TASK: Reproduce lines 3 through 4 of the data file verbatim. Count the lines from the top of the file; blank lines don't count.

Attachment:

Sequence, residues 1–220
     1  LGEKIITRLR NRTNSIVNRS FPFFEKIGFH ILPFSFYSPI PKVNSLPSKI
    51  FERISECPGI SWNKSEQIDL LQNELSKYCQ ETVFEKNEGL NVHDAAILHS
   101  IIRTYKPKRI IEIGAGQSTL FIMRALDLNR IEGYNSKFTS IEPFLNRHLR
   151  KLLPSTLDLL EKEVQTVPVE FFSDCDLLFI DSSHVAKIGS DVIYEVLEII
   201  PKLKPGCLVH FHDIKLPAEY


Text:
    51  FERISECPGI SWNKSEQIDL LQNELSKYCQ ETVFEKNEGL NVHDAAILHS
   101  IIRTYKPKRI IEIGAGQSTL FIMRALDLNR IEGYNSKFTS IEPFLNRHLR